CTE teachers like you need to teach their students the skills to succeed. You’re an expert in your field, even if you’re not a trained teacher. With a bit of practice, planning, teaching, and grading can all become second nature. But there are some skills that may not be on your radar. You want to do everything you can to get your students off on the right foot once they’re out of the classroom. Today, that requires teaching digital citizenship!
“Sticks and stones may break my bones, but words will never hurt me.” Our parents' intent with this old adage was to help us be strong and ignore the hurtful words of mean children, but that phrase was a big, fat lie. The phrase should have been, “sticks and stones may break my bones, but mean words can indelibly scar me for life.” That would have been closer to the truth. It's sad that we even need anything called cyber bullying lesson plans in our middle and high schools, but that's where we are. We get a lot of teachers and school administrators asking us about how to include cyber bullying in digital literacy lessons.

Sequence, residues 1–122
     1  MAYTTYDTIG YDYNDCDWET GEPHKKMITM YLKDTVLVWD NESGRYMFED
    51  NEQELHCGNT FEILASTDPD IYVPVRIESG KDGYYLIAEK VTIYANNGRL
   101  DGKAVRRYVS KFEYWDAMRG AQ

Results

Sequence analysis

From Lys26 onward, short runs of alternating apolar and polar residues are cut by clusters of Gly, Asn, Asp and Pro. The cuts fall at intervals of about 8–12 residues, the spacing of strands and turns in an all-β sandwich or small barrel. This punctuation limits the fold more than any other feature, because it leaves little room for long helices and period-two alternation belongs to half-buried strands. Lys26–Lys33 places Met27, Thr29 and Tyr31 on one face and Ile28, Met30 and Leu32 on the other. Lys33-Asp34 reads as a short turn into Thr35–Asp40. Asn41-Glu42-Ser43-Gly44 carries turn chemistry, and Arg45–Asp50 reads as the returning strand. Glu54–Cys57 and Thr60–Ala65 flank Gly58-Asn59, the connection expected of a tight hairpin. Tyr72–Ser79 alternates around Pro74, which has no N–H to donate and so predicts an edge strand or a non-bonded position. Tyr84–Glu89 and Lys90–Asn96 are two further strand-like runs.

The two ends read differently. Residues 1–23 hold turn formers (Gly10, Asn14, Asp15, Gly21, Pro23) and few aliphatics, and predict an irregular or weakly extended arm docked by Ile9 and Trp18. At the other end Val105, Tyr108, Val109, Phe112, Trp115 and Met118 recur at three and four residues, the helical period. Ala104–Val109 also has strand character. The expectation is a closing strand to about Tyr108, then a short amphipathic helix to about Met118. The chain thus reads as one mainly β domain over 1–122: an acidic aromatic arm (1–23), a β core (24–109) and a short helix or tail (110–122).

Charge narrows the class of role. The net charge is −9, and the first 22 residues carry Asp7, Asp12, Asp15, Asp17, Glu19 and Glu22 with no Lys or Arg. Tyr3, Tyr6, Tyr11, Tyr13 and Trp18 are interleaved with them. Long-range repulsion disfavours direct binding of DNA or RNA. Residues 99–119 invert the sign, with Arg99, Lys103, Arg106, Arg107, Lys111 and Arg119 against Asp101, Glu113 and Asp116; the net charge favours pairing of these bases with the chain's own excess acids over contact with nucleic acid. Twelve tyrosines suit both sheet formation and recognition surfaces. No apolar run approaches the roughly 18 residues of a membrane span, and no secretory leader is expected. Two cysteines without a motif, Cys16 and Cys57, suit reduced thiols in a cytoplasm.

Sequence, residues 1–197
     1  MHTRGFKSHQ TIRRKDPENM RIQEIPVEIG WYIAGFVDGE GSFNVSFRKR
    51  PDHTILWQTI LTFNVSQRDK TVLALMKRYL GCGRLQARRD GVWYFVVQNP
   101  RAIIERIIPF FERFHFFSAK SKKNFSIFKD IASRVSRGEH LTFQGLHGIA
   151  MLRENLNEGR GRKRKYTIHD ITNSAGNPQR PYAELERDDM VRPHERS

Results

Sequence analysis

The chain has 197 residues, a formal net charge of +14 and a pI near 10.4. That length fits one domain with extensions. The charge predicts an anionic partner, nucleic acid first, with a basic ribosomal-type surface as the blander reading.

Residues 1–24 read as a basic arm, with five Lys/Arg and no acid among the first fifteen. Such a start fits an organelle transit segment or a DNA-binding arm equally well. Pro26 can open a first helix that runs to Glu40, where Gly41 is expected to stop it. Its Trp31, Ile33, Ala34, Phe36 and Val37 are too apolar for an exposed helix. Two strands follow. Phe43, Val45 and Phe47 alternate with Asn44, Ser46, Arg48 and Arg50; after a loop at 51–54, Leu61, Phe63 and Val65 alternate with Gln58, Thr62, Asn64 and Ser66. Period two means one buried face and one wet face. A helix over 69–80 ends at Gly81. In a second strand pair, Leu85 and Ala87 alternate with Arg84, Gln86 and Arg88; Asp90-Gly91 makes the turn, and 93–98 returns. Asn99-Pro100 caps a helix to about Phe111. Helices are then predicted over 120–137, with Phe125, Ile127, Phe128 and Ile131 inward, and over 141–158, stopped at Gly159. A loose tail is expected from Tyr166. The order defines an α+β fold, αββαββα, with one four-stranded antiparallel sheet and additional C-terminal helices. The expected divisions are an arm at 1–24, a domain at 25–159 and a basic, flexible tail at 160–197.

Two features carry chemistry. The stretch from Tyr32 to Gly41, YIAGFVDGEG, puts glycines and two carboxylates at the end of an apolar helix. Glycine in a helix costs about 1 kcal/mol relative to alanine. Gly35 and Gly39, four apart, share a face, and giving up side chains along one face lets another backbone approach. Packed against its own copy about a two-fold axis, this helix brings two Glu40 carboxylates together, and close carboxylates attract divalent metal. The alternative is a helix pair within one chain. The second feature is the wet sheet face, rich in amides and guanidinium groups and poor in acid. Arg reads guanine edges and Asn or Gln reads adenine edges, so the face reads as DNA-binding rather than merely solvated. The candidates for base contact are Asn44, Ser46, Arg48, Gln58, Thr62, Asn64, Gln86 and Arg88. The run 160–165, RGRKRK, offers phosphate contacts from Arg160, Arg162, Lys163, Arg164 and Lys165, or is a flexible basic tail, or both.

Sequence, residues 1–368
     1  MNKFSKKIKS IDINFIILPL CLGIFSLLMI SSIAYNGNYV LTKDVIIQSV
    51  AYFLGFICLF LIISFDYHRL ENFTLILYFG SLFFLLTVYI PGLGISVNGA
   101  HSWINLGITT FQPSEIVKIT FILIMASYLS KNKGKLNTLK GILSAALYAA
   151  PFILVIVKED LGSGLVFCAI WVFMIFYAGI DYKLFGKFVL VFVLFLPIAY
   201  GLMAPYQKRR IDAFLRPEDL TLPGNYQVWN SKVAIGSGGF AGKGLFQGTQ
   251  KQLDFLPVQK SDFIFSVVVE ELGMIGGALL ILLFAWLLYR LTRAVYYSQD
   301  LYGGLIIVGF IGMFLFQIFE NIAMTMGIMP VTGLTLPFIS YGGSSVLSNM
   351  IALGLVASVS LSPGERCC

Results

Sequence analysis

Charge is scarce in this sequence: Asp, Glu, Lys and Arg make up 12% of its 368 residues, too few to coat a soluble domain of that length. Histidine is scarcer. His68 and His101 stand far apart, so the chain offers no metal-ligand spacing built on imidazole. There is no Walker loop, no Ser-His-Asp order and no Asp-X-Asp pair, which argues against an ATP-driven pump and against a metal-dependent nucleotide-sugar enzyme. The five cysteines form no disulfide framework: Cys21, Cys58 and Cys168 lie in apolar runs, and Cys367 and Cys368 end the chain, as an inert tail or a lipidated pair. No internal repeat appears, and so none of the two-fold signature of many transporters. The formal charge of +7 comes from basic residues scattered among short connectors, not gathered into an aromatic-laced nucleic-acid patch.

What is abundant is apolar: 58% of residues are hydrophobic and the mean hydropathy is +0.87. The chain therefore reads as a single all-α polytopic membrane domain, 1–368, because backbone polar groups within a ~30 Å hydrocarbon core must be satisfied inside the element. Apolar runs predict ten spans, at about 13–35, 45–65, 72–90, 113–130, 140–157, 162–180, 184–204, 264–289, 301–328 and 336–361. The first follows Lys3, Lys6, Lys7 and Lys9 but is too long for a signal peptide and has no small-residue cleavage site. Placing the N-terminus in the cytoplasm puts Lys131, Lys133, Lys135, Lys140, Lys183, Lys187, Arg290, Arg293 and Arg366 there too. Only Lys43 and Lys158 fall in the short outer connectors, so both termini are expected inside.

Download this free eBook to learn the Do's & Dont's of Student Engagement.
I don't think there's an area of study and learning that is more conducive to problem solving curriculum than career and technical education. It's such a natural fit as students learn real-world skills and practice real-world situations.
Are you teaching digital citizenship in your courses that use technology?
Some of you out there in the blogosphere may be wondering, “How does AES develop this amazing web-based curriculum for career and technology education?” No, I didn’t read your minds. We’ve got some really great folks here at AES that know how to find out the questions you are asking. Today, I’ll share with you how Instructional Designers (ID) like me create the courses that your students complete.